On Monday morning, they gave the government 30 hours to lift officials’ immunity, or else “bones will break”.
Hoteit said he has received “personal threats” on two occasions because of the protests he helped organise and his outspoken criticism of the government.
In one instance, he said men on motorcycles approached him on the street. “They told me: ‘You’re talking too much, be careful,’” Hoteit told Al Jazeera.
On Tuesday, Human Rights Watch released a damning report into the disaster, saying Lebanese officials including former finance and public works and transport ministers have “violated the right to life” by not adequately addressing and taking care of the ammonium nitrate cargo in the years leading to the explosion.
“Official correspondence reflects, the Ministry of Finance, Ministry of Public Works and Transport officials failed to adequately investigate the combustible nature of the ship’s cargo and its danger,” the organisation’s Crisis and Conflict Director Lama Fakih said at a news conference . “Not just port, but also customs and army officials have ignored steps they could have taken to destroy or clear the ammonium nitrate.”
Many questions remain for Bitar to figure out.
An FBI report could not conclude the cause of the explosion but found that just 552 of the 2,754 tonnes of ammonium nitrate exploded. It is unclear what happened to the rest of the shipment, though legal sources say there has been suspicion of theft.
Some politicians and activists have claimed the ammonium nitrate was smuggled into Syria to be used as explosives in the conflict.
“Judge Bitar requested from countries with satellites to send imagery of the Beirut Port to help with the investigation,” a legal source told Al Jazeera. “No one has responded.”
The Lebanese media and journalists have played a major role in trying to piece together what happened over the past six years that led to the explosion.
Among them is Al Jadeed TV journalist and producer Firas Hatoum, whose reporting has indicated that the ammonium nitrate shipment could be linked to Syrian businessmen with close ties to President Bashar al-Assad.
“Unfortunately in a country like Lebanon, the media has a big role to play in pressuring the government to take action,” Hatoum told Al Jazeera. “The more there is corruption, the more responsibility is on the media to investigate it.”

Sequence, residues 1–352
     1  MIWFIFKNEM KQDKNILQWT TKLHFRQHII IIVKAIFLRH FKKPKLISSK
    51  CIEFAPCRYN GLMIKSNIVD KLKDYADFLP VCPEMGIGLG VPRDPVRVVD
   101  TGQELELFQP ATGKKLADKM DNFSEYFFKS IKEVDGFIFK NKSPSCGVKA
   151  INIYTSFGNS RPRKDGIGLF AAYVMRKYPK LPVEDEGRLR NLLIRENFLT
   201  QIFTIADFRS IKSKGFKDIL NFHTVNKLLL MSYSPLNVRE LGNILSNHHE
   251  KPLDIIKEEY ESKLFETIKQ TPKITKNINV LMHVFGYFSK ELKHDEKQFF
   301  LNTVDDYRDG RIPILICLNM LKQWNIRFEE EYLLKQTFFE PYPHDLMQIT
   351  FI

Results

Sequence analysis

There are still several questions the families and the wider public are waiting to have answered.
Beirut Port has a number of security and government agencies present, from State Security to military intelligence to General Security to Customs. Documents revealed that not only were all these agencies aware of the ammonium nitrate over the past six years, but so were President Michel Aoun, caretaker Prime Minister Hassan Diab, several ex-ministers of public works and transportation, ex-Finance Minister Ali Hasan Khalil, and even the judiciary.
They all claim they did their duty within their powers to ensure the matter was addressed, but activists fear the details will remain murky if not brought out in court.
Whether a local investigation will bring about justice for the families is a matter of debate among not just the Lebanese population at large, but even the impacted families themselves. But, one thing they seem to agree on is their support for Bitar, and it appears that it has startled the country’s political leadership.
MP Gebran Bassil, who leads the Christian party, the Free Patriotic Movement, said in a news conference on Monday that Bitar should assure officials he wants to summon for interrogation that he has not already planned on issuing an arrest warrant in advance.
Hatoum fears that as long as Lebanese officials obstruct Bitar’s efforts, the international community will not be as cooperative when it comes to sharing important information, such as satellite images, or going after possible suspects abroad.
“The authorities aren’t setting a good example,” Hatoum said.
“If the authorities here don’t respond to Judge Bitar, then how can we expect the same from those abroad?”